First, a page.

It's a delightful evening of 'Laughter' Theater review

July 18, 1998|By J. Wynn Rousuck | J. Wynn Rousuck,SUN THEATER CRITIC

Noel Coward's "Present Laughter" is in many ways a play about overacting. The protagonist, a stage idol named Garry Essendine, is "on" so much of the time, he can no longer distinguish between his on-stage and off-stage personae.

At Olney Theatre Center, where director John Going has staged a precisely paced production, even Coward's trademark dressing gowns overact. They call attention to themselves with leopard-print collars and cuffs or a hot tropical print on red silk.

Still, a degree of modulation is necessary to allow Garry's histrionics to build. And Going, who has shown an affinity for Coward in such past Olney productions as "Fallen Angels" and )) "Design for Living," has just the right suave, controlled touch.

Coward had a tendency to write himself into his plays, and nowhere is his presence more evident than in the character of Garry. A star of romantic comedies, Garry is played by balding, mustachioed Tony Rizzoli as a middle-aged leading man who exudes a mixture of weary sophistication and childlike egocentricity -- a delicate combination coated with enough charm to make us believe that everyone Garry meets falls in love with him.

There's the starry-eyed debutante (Holly Twyford), the latest in a long line of young ladies who have lost their latchkeys and had to spend the night. There's the hysterically intense young playwright who arrives to berate Garry and ends up a fawning acolyte (Sean Arbuckle, in a performance that suggests his character's attraction to Garry is more than intellectual). There's Garry's estranged wife, who adores him but can't live with him (played by Carole Healy as both shrewd and smooth). And there's the vampish wife of one of his best friends; alluringly portrayed by Hope Chernov, this temptress is so predatory, Garry shields himself with throw pillows when she traps him on the sofa.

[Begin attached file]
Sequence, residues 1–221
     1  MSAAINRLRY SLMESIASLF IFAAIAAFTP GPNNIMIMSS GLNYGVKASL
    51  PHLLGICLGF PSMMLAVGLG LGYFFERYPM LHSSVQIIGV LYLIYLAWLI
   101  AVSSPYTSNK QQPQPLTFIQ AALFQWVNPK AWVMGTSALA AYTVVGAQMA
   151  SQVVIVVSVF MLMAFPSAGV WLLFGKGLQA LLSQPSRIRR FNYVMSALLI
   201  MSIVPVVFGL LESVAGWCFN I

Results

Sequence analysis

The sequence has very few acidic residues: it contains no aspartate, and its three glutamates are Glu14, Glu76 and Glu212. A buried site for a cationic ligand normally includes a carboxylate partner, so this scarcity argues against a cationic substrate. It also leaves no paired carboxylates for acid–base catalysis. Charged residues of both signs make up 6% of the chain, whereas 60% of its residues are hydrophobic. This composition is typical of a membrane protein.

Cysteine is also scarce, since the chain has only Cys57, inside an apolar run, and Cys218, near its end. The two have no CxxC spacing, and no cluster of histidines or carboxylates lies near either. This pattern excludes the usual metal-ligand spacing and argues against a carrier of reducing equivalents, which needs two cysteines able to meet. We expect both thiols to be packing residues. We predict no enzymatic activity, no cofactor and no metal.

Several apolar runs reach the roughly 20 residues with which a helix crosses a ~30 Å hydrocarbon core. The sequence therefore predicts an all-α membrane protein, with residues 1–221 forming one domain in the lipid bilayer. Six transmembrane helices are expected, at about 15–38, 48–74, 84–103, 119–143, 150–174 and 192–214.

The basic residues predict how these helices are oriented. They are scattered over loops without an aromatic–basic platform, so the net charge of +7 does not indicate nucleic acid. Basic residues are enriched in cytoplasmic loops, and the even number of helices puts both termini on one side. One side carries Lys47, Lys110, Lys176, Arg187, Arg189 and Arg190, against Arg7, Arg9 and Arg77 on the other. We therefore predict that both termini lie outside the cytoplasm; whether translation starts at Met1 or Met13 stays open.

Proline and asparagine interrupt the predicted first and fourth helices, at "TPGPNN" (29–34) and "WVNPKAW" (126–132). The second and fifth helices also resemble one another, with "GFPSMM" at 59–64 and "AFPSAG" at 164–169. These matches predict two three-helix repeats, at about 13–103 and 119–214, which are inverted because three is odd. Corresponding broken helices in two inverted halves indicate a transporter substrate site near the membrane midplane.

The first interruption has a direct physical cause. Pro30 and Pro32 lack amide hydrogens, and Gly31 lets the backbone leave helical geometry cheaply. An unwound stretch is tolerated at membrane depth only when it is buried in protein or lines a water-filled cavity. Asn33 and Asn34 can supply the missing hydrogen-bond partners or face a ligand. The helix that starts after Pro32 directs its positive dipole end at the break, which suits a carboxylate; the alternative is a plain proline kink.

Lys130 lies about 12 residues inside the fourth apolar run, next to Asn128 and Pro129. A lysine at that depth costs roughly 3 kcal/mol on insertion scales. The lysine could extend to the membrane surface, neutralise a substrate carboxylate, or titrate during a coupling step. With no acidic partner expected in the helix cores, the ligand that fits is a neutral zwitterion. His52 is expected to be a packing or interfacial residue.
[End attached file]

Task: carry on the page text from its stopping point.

The use of these pillows is exactly the type of clever touch Going brings to the production. Indeed, this scene is the witty, debonair high point of the evening; the brittle, serpent-tongued repartee is so flawlessly delivered, it is reminiscent of Coward's masterpiece, "Private Lives."

Going also knows when to inject a bit of physical hyperbole so that it inflates -- but never quite bursts -- the delicate bubble of Coward's writing. Informed that he must honor his appointment with a dowager and her niece, Rizzoli's Garry stamps his foot and bellows, "No!" with the fervor of a spoiled 5-year-old. Watching all hell break loose in the subsequent scene, Arbuckle's manically smitten young playwright leaps on top of the grand piano in glee.

Because style is so important in Coward's plays, it's easy to assume they're all about surface, with no substance underneath. But in "Present Laughter," Coward lambastes the follies of celebrity worship and the cult of youth. These themes, however, don't come across unless the production accurately conveys Coward's distinctive style. Going has that down pat, and so does James Wolk's elegant, two-story, art-deco set design. But aside from the above example of the two dressing gowns, costume designer Marianne Krostynne misses the mark; her women's clothing is so unbecoming, it verges on dowdy.

"Technique is terribly important," Garry says, gallantly lighting a lady's cigarette. "Present Laughter" -- and this mostly sleek production -- acknowledges that importance, while also making Coward's point that technique isn't everything. There's a heart beating underneath all the sparkling gloss, and it beats with delight.

'Present Laughter'

Where: Olney Theatre Center, 2001 Route 108, Olney

When: 8 p.m. Tuesdays through Saturdays, 7: 30 p.m. Sundays; matinees at 2 p.m. Sundays, July 25 and Aug. 8. Through Aug. 9

Tickets: $25-$32

Call: 301-924-3400

Pub Date: 7/18/98

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